Nasoni – Rome’s Fountains of the Big Noses

Convent Stays

The history of Rome can be seen in her nasoni, or fountains of the big noses. From the aqueducts supplying an ancient city, to the beauty of her Renaissance fountains, Rome has always been dependant upon a fresh water supply. In 98 AD the Roman Consul was named as Guardian of the city’s water supply; today the Romans have l’acqua del sindaco – the mayor’s water. Free to residents and tourists alike, clean water sprouts from drinking fountains, called nasoni, all over the city.

 

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Aesculapius In Rome

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In the middle of the Tiber lies the picturesque Isola Tiberina. Even today the island remains an oasis in the chaos of modern Rome. On one side of the island lies the still medieval neighbourhood of Trastevere; on the other it’s but a short walk to the Colosseum and Forum.

The Isola Tiberina embraces two millennia of Roman history, for it has been important to Rome from her beginnings as a small river-side settlement through to her growth into the Eternal City. Founded in myth in and legend, the foundations of the island date back to the Iron Age – long before Romulus and Remus were mothered by their She-wolf.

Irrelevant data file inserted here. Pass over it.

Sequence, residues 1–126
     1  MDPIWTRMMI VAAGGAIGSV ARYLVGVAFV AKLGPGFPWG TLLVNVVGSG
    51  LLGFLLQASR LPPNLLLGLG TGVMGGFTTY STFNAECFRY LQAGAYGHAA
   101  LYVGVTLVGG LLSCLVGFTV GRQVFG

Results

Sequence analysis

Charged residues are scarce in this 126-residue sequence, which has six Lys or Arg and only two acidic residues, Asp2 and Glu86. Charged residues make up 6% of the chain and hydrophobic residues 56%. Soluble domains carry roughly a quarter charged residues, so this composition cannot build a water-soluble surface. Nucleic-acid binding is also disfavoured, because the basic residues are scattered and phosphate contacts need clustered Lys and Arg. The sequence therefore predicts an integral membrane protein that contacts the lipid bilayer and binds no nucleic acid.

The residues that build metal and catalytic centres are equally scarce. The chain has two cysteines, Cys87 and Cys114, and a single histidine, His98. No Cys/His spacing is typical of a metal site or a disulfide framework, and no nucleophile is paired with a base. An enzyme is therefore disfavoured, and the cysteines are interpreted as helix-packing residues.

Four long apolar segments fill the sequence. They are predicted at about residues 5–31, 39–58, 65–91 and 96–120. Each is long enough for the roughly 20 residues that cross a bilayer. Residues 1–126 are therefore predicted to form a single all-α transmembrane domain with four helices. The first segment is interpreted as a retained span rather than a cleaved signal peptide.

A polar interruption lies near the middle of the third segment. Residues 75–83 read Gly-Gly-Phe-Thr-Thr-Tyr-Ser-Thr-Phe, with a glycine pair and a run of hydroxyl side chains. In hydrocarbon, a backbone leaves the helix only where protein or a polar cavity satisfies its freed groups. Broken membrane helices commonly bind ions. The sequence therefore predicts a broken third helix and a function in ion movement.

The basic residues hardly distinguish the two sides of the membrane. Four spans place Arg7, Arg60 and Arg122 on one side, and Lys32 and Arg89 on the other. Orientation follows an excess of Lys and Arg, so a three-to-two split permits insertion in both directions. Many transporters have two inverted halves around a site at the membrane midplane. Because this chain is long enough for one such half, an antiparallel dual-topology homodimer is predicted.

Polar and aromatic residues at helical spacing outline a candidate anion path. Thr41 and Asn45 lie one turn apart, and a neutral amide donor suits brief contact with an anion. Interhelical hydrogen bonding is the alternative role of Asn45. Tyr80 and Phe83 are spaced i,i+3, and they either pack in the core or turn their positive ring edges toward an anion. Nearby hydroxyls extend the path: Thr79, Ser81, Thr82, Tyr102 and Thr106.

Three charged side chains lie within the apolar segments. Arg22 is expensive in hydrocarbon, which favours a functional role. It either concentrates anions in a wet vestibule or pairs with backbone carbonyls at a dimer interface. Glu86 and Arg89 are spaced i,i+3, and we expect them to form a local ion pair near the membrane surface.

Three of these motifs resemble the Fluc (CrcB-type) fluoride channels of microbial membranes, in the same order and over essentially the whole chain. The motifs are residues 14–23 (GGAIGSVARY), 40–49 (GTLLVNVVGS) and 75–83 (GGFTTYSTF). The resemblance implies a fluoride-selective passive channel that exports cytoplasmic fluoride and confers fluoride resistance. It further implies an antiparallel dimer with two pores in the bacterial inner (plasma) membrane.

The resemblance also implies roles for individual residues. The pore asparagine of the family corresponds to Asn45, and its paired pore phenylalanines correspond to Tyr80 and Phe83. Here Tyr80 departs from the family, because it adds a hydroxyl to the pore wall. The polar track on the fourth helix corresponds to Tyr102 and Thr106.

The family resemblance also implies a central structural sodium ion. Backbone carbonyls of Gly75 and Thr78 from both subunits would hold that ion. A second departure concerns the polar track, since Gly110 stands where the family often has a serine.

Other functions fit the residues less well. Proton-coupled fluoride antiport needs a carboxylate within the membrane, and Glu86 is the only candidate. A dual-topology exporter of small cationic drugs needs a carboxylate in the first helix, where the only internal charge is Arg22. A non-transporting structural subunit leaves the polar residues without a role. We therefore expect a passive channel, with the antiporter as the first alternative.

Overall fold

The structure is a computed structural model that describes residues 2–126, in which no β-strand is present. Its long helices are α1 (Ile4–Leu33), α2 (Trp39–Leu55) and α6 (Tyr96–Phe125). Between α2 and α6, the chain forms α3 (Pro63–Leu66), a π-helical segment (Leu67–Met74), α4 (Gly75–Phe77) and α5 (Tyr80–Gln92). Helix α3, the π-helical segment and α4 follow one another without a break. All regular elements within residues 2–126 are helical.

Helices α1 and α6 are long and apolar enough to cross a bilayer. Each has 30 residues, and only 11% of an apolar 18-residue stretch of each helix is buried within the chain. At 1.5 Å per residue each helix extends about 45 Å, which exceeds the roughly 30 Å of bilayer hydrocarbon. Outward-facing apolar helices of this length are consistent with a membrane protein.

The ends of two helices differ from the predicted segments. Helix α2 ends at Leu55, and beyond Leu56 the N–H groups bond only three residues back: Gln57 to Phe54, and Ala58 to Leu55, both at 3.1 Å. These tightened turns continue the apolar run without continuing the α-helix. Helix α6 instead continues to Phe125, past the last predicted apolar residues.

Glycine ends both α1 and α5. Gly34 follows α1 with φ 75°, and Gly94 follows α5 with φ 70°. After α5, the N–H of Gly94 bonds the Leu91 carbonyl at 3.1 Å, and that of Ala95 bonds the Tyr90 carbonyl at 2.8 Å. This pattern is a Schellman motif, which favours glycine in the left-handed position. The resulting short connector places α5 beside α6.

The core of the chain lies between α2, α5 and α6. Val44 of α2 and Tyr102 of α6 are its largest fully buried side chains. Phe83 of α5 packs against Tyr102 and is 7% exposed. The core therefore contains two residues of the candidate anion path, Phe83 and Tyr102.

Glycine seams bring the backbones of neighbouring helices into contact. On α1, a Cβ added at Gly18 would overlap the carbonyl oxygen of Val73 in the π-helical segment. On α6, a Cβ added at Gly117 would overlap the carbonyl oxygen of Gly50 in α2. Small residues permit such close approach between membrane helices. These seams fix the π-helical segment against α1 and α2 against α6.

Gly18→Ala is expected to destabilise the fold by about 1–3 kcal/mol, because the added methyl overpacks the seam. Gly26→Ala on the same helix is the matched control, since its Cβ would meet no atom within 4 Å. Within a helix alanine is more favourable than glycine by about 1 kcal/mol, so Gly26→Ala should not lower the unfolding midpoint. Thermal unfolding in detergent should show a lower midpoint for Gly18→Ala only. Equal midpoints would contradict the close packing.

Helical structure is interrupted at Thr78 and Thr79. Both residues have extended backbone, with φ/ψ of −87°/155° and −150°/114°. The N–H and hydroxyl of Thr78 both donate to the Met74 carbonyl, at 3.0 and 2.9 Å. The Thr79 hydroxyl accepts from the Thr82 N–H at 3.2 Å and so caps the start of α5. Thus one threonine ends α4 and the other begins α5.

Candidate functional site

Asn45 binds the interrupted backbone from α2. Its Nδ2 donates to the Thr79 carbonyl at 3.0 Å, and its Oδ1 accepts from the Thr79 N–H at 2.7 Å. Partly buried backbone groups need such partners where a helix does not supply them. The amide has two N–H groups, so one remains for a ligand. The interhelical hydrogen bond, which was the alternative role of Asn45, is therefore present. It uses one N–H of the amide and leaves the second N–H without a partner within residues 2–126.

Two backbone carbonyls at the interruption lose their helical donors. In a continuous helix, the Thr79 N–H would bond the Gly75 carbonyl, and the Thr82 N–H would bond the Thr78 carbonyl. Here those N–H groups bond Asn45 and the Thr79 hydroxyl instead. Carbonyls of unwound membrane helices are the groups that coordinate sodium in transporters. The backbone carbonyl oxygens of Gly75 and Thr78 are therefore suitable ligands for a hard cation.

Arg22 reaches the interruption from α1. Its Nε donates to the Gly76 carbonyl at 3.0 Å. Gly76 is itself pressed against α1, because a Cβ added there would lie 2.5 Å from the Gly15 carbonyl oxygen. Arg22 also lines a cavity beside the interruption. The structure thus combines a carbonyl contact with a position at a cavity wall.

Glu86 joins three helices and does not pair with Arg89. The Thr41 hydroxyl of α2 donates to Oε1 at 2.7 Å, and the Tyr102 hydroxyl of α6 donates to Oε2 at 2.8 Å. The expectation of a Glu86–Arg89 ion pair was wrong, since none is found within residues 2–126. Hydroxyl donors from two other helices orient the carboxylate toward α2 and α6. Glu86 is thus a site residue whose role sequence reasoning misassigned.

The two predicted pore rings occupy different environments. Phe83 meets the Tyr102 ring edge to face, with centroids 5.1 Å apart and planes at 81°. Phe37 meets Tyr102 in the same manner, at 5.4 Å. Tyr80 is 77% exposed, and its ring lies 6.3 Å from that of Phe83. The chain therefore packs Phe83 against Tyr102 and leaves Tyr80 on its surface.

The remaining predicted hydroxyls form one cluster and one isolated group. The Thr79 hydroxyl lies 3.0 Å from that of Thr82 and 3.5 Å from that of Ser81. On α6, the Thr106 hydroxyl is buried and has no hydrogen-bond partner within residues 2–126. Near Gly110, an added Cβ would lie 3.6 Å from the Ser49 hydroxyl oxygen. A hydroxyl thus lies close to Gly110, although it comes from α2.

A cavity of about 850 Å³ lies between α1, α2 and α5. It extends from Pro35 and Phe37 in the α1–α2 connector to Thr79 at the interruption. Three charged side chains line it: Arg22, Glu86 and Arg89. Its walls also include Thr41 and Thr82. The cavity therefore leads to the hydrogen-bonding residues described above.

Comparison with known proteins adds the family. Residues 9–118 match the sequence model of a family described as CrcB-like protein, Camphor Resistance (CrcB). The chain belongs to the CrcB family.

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A Traveller Not A Tourist In Rome

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A Place to Sleep – Staying in A Convent

 

Once the heavy wooden door closed, I stood surrounded by silence. Flying anywhere from Australia takes a long time, and after a night and a day and a night I was exhausted. Eventually I emerged from that metal cocoon into the chaos of Rome. Tired and befuddled, I was soon in a taxi, with the driver careening down tiny streets where footpaths were more a suggestion than reality.

Double-parking on the wrong side of the road, the taxi dropped me on the Via Sistine. The convent was just a short walk from the top of the Spanish Steps. Once inside, the world became peaceful. Large wooden doors shut out the chaos of the street, and I stood in the quiet of a marble foyer.

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